These two lads prove their Irvine Welsh credentials by producing, despite their relatively impoverished lifestyles, a seemingly inexhaustible supply of charlie, and I'm not taking the perfume. Let's just say that for the next two days I became unusually familiar with almost every bathroom cubicle in the city of Edinburgh. On the second evening we end up at a dance club and, adding a little Ecstasy into the mix, get really off our heads. By the time I hit the closing night film festival party the next night, I virtually have to prop myself up with a wooden pole the way Marlene Deitrich used to do on stage when she was on her last legs. My Withnail compadre tries valiantly to sneak me into the VIP party where Tim Roth and the King of Scotland himself, Sean Connery, are rumoured to be, but no dice. Despite the fact that I am treated rather more like a real celebrity than I am used to, the co-ordinators of the festival are a little nervous around me, as if I may have some explosive device strapped to my chest ready to be detonated at any moment. Hey, that's not a bad idea.
London is still there. It's still noisy, still over-crowded, still trendy, and still swinging. I'm ensconced in a three star hotel right near Oxford Circus in a small, hot room with a fruity canopy over the bed. Unfortunately, owing to my extravagances in Edinburgh, I've come down with a nasty cold that I can't manage to fight off. Despite my watering eyes and hacking cough, I am obliged on my only day off to take a train a couple of hours north of London to King's Lynn to meet up with the script doctor who is currently treating my latest screenplay. I'm expecting some bookish, nerdy nebbishy nothing to pick me up at the train station, but instead am greeted by a rather attractive, well-built fellow in tight trousers and an open shirt that allows occasional glimpses of a heart tattoo above his heart. He looks very much like the "I" ofWithnail and I . He drives me in my delirium 16 miles into the country to his rustic farmhouse where he lives with his wife and child. We discuss the script at length over tea before driving over to pick up his cute blond mop-topped son at the local nursery school. He drops me back at the train station and before I know it I'm back in my tiny hotel room, the whole experience registering only as a dream.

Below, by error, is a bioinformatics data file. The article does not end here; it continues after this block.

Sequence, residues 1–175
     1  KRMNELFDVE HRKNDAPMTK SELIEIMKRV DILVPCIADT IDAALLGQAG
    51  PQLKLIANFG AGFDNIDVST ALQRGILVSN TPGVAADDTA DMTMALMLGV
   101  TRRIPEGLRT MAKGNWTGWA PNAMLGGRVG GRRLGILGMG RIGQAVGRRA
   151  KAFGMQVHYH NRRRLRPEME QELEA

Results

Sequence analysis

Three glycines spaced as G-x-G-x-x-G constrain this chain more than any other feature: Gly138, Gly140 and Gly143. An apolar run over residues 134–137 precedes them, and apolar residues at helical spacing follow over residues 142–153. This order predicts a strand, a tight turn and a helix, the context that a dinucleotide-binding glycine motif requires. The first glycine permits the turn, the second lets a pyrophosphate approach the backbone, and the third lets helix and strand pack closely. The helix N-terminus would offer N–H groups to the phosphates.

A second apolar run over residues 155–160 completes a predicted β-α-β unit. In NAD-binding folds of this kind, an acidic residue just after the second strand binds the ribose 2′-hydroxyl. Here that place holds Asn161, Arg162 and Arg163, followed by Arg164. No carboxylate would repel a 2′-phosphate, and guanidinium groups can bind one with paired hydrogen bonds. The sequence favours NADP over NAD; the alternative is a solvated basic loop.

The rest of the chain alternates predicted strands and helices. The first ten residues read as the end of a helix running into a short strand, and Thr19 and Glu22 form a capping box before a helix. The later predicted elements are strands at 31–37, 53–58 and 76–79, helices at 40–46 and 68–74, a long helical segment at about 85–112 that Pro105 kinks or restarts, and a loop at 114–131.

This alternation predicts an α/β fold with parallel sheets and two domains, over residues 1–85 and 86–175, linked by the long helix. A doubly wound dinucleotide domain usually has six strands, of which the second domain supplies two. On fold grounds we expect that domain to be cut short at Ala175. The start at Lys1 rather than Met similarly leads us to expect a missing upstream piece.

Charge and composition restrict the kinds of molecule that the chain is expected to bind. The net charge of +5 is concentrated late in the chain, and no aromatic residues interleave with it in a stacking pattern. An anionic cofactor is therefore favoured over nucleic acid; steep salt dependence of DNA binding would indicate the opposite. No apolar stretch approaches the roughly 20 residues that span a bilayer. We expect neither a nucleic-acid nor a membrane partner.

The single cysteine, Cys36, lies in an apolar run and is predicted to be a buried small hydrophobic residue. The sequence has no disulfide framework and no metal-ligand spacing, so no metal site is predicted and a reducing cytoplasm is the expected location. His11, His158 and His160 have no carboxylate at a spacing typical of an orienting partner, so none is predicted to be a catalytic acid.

After a couple of days of feverish tossing and turning in front of the colour television, I have to crawl out of bed for some media appearances. Donning dark glasses and a black baseball cap - my new found, celebrity-at-the-airport look - I install myself in the hotel bar for some print interviews, then drag my weary carcass over to a local television station for a spot. The TV people want to do an on the street number, which I'm not really up to, but consent to anyway. Londoners get very cranky when they see someone being interviewed on the street - "Who is 'e then?," they ask derisively, or "You better not be getting me on telly" - so it's a bit unnerving.